Federal Court of Canada judge overrules decision to reject refugee status to Roma citizens of Hungary

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      Two Roma citizens of Hungary have been given a reprieve in Canada.

      In June 2018, Istvanne Glonczi and her adult son Oliver Glonczi's refugee claims were rejected by the Immigration and Refugee Board's refugee protection division.

      The refugee protection division concluded that the Glonczis had the option of an "internal flight alternative"—or IFA—to Budapest, where they would not be at a risk of persecution.

      But earlier this month, that decision was overturned by Federal Court of Canada Justice Elizabeth Heneghan.

      "In my opinion, the RPD did not engage with the documentary evidence and explain its conclusion that state organizations would provide better protection to the Applicants in Budapest than elsewhere in Hungary," she wrote.

      The Glonczis sought protection on the basis of their Roma ethnicity, according to the ruling.

      Hungary has repeatedly been condemned for its human rights abuses and xenophobia, including by the European Parliament last September.

      "This was based on serious concerns related to the functioning of the constitutional system, the independence of the judiciary, freedom of expression, freedom of association, the rights to equal treatment, the rights of persons belonging to minorities, including Roma and Jews, the fundamental rights of migrants, asylum-seekers, and more," Amnesty International declared on its website.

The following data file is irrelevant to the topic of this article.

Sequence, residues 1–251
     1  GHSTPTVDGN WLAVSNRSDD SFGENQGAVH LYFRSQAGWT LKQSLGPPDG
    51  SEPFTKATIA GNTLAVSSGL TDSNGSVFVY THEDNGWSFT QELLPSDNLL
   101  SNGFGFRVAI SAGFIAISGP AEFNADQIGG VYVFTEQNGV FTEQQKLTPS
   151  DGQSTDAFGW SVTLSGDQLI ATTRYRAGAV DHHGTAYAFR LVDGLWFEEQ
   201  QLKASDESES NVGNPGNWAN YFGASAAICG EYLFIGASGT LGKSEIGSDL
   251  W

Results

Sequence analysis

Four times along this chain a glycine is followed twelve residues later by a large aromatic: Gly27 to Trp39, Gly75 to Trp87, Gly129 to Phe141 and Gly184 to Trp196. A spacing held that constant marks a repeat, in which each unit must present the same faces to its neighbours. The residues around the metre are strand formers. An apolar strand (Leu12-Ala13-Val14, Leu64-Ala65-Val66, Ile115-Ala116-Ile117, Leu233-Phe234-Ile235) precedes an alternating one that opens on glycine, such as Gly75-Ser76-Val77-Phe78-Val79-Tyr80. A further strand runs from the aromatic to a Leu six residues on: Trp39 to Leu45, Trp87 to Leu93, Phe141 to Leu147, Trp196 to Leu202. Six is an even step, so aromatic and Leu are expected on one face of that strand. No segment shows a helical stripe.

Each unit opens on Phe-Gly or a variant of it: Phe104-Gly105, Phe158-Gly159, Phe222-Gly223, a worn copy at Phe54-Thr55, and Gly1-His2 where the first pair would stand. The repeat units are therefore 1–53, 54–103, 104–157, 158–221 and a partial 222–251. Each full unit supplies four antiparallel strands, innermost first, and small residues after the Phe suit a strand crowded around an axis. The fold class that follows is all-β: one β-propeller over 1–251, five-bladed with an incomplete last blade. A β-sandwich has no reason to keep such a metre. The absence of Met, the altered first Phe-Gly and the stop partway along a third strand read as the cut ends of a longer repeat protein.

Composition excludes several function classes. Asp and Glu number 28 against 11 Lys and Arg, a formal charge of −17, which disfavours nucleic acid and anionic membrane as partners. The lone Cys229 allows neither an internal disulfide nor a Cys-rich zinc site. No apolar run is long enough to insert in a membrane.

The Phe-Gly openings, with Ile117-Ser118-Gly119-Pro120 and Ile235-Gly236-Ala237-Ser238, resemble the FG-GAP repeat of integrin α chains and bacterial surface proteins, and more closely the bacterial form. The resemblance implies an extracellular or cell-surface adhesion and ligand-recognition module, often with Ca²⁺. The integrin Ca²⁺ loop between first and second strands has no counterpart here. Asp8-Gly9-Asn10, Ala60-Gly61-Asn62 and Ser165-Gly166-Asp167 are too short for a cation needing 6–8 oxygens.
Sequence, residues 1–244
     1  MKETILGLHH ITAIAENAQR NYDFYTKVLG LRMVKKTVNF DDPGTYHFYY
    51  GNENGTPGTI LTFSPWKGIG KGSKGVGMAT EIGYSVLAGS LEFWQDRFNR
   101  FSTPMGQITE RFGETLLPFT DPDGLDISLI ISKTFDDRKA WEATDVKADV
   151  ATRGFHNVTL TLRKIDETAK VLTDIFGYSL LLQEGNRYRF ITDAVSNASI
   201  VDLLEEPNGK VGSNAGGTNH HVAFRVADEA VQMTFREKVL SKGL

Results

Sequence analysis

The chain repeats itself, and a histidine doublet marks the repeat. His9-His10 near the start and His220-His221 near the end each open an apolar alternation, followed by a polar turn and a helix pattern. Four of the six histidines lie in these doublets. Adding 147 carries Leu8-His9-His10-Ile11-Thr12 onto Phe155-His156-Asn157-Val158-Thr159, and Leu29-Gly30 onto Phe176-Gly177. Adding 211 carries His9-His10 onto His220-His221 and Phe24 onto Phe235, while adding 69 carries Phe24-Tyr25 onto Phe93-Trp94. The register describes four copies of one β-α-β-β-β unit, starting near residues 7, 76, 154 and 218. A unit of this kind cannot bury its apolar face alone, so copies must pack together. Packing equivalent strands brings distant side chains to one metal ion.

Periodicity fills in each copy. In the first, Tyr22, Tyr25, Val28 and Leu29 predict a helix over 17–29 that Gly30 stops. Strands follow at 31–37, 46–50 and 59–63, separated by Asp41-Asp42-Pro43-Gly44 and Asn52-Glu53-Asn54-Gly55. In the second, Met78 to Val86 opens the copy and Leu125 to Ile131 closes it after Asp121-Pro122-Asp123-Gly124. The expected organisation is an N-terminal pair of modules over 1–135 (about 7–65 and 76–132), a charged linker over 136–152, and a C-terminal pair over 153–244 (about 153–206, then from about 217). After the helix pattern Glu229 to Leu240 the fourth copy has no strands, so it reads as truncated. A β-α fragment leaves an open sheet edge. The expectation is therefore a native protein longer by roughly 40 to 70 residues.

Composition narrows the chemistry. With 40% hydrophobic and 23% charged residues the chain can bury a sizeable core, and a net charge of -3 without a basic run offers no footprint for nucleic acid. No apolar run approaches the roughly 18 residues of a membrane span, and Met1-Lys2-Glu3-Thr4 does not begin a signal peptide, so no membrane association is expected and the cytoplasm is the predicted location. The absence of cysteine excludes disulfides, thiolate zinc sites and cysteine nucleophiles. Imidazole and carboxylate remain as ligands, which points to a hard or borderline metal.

Two months after the Glonczis's claims were rejected by the refugee protection division, Hungarian prime minister Viktor Orbán's far-right government stopped giving food to detained asylum seekers who challenge their cases in court.

      The same month, a new Hungarian law imposed a 25 percent tax on financial support going to organizations and activities that support migration.

      Last week, the Guardian reported that Orbán is increasingly citing "Christian values" to justify his hardline positions, which include criminalizing homeless people in Budapest.

      U.S. president Donald Trump lavished praise on Orbán when he visited the White House in May, claiming that the Hungarian nationalist is "highly respected" and is doing a "tremendous job".

      Video: Viktor Orbán and Donald Trump each mentioned Hungary's promotion of Christianity when Orbán visited the White House.